Mouse CD1d–β2-microglobulin heterodimeric protein was expressed in a baculovirus-expression system, as reported previously (36). Human CD1d–β2-microglobulin was prepared similarly to the mouse protein. The Vα14-Vβ8.2 TCR construct design, refolding, and purification processes were identical to the ones reported previously (37), whereas the autoreactive human Vα24-Vβ11 TCR (auto-Vα24) 4C1369 (38, 39) was generously provided by Dr. Jamie Rossjohn (Monash University, Clayton, VIC, Australia) and prepared as reported (40).
Glycolipid loading and DB06-1–CD1d–TCR complex formation
The DB06-1 lipid, synthesized in the laboratory of G.S.B., was dissolved in DMSO at 1 mg/ml. Before loading, 25 μl was diluted to 0.25 mg/ml with 25 μl vehicle solution (50 mM Tris-HCl [pH 7], 4.8 mg/ml sucrose, 0.5 mg/ml sodium deoxycholate, and 0.022% Tween 20) and 50 μl 1% Tween 20 and incubated at 80°C for 20 min. DB06-1 was loaded onto CD1d o/n (molar ratio of protein/lipid of 1:3) in the presence of 10 mM Tris-HCl (pH 7). Refolded TCR was incubated at room temperature for 1 h with lipid-loaded CD1d at a 1:2 molar ratio, and the ternary CD1d–lipid–TCR complex was isolated from uncomplexed CD1d and TCR by size-exclusion chromatography using a Superdex S200 10/300 GL (GE Healthcare).
Surface plasmon resonance binding analysis
Surface plasmon resonance (SPR) binding studies were conducted using a Biacore 3000, as reported previously (37). Briefly, ∼300 response units of biotinylated CD1d (either human or mouse) loaded with DB06-1 were immobilized onto a streptavidin sensor chip (GE Healthcare) surface by injecting the CD1d–DB06-1 mixture at 3 μl/min in HEPES buffered saline running buffer. A reference surface was generated in another flow channel with unloaded CD1d. Mouse or autoreactive human TCRs were flowed over at a constant rate. Experiments were carried out at 25°C with a flow rate of 30 μl/min and were performed at least twice. Kinetic parameters for the mouse molecule interactions were calculated after subtracting the response to CD1d molecules in the reference channel, using a simple Langmuir 1:1 model, in BIAevaluation software version 4.1. Human kinetic parameters were obtained using steady-state solution graphs plotting Teq versus concentration and were fitted with binding response at equilibrium using BIAevaluation software version 4.1.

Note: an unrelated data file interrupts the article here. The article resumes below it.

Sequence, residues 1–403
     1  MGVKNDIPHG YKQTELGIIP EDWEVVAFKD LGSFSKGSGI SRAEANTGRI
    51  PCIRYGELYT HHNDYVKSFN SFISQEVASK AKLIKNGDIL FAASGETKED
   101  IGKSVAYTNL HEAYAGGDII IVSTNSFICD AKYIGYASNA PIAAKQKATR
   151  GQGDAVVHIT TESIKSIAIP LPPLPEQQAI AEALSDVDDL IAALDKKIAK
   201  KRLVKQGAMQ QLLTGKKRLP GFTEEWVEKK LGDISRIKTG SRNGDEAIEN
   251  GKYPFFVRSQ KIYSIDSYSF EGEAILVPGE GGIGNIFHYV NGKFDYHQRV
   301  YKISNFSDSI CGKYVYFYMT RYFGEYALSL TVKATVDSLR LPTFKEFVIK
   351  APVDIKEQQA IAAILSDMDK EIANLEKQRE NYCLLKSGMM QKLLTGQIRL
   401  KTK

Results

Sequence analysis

Crystallization and structure determination
The mouse CD1d–DB06-1–TCR complex was isolated by Superdex S200 10/300 GL (GE Healthcare) column chromatography in 50 mM HEPES (pH 7.4), 150 mM NaCl and concentrated to 0.86 mg/ml. Crystals were grown at 22.3°C by sitting drop vapor diffusion while mixing 2 μl protein with 2 μl precipitate (0.2 M ammonium citrate dibasic [pH 4.98] 20% PEG 4000). Crystals were flash-cooled at 100°K in mother liquor containing 20% glycerol. Diffraction data were collected at the Stanford Synchrotron Radiation Laboratory beamline 11-1 and processed with Mosflm software (41). The CD1d–DB06-1–TCR crystallized in space group C2221. The structure was solved by molecular replacement in Collaborative Computational Project, Number 4 (1994) using the protein coordinates from the CD1d-iGb3 structure as the search model [PDB code 2Q7Y] (42), followed by the iNKT cell TCR [PDB code 3QUZ] (43). The model was rebuilt into σA-weighted 2Fo – Fc and Fo – Fc difference electron-density maps using the COOT program (44). The lipid was built into a 2Fo – Fc map and refined using REFMAC (1994). The final refinement steps were performed using the TLS procedure in REFMAC with five domains (α1–α2 domain including carbohydrates and glycolipid, α3-domain, β2-microglobulin, variable domain, and constant domain of TCR). The CD1d–DB06-1–TCR structure was refined to 2.83 Å to an Rcryst and Rfree of 20.9 and 25.6%, respectively. The quality of the model was excellent, as assessed with MolProbity software (45) (Supplemental Table I).